If you have a shark tattoo and would like to share it on this web page we encourage you to send us a clear close-up image of the tattoo along with a head shot of yourself and a short bio. You can add whatever you wish to the bio. Tell us where you had your ink applied, the reason you decided to get the tattoo and what it means to you.
Please send us images that will show well at 8 inches wide or high.
Ryan is currently working as a dive-master aboard the Belle Amie for the White Shark season. My Shark Tattoo: After a few years of diving and almost being 18 years old I had many ideas of what i wanted my shark tattoo to be. I got the idea for my tattoo from my 1st ocean dive trip when I was 12 years old. We went to the Turks & Caicos Islands, I was so excited and ready to get in the water, around 7am our DM jumps in the water 1st to set the lines. After about a minute he comes up yelling for us to get in the water was a shark by the line. With just my mask and fins I jump in! I was so excited to see a shark on my 1st dive in the ocean after my certification I was hooked! After the dive my dad hits me in the head saying he waited to see a shark after years of diving, I got one on my 1st ever! My Brother and I are the artist and was recolored in 2014.
Deb was on the Aug 16-20, 2016 Great White Shark expedition aboard the Belle Amie. She was born and raised in Tucson, Arizona.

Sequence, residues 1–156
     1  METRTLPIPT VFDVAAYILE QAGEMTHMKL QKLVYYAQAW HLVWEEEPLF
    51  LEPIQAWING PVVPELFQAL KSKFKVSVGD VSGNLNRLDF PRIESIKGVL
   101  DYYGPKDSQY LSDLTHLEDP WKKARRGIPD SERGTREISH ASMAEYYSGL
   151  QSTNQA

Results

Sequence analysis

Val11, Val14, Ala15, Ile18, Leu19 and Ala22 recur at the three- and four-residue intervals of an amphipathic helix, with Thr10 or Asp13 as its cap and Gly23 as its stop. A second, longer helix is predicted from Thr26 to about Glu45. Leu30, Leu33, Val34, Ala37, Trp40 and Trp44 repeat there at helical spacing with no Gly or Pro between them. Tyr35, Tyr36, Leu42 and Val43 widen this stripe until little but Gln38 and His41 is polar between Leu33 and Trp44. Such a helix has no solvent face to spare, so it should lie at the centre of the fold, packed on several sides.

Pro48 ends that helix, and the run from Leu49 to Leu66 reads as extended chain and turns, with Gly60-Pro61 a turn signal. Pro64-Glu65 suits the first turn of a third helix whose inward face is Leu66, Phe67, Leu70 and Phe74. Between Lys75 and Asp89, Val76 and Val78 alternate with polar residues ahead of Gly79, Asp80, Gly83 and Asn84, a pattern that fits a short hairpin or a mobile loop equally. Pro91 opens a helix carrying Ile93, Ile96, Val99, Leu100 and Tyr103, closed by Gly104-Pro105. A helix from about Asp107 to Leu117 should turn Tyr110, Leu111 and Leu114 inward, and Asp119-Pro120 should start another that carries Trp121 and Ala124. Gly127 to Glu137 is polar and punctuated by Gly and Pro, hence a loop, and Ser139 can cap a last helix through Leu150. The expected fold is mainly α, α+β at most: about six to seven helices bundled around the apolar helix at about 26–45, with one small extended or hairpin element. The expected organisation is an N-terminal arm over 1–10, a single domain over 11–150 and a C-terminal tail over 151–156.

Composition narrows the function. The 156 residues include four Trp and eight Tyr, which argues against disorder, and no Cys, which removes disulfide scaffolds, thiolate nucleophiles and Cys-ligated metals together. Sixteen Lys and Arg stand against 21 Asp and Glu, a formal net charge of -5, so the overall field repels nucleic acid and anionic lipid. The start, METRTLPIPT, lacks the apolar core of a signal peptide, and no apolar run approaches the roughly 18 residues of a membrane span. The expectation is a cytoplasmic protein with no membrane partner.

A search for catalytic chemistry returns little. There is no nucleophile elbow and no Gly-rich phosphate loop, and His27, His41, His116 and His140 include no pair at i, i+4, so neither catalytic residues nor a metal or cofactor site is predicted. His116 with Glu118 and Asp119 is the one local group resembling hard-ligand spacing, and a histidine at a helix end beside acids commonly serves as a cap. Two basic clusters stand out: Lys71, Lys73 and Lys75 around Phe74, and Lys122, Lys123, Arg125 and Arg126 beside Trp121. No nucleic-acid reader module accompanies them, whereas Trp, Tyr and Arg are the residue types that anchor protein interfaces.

“Ever since I can remember I have been in awe of the ocean and all it beautiful creatures. I learned to scuba dive when I was 25, getting my certification in San Carlos, Mexico. I have several tattoos-all ocean and fish related. My love for sharks, the Great White, in particular was a thought that came to me when I was about 40. I got the tattoo in Tucson at Old Towne tattoo by owner and artist Tony Edwards. I’m grateful I got the tattoo because I get compliments all the time about the realism of it. Now with my recent dives at Guadalupe Island it means even more to me.”
Shannon “Chum Girl” Walker:
Shannon worked as a Shark Wrangler for two seasons with us during that time she earned the moniker of “Chum Girl”.. She was an endless source of entertainment on the boat and actually did a pretty good job of handling the passengers and wrangling the sharks. She is a killer poker player so don’t challenge her unless you want to lose your shirt! She’s now off outfitting her own sailing vessel preparing for an around the world adventure filming episodes of the expedition with her boyfriend. She placed the shark tatoo ion her forearm in 2008 so she could easily see it to remind her of the fun she had as a shark diving diva. We wish her well on her globe- trotting adventures.
A Wisconsin native got the tribal shark tat as a conversation starter so he could educate non-divers about the importance of sharks in the marine environment. Kudos to Chris for making the commitment to shark conservation.
An engaging Aussie from the Western Australia city of Perth. He often does volunteer work with white shark researchers in South Africa. Blair got his tat 15 yrs. ago. The tattoo has faded some over time so he wants to get it touched up with more detail on the next application.
Dave Embry is a 53 y.o. Greenville, IL resident who owns 5 McDonald’s restaurants in Southern Illinois.He started diving in 2002 and is married and has 4 daughters. Dave was on the Nov 4-9 2012 trip.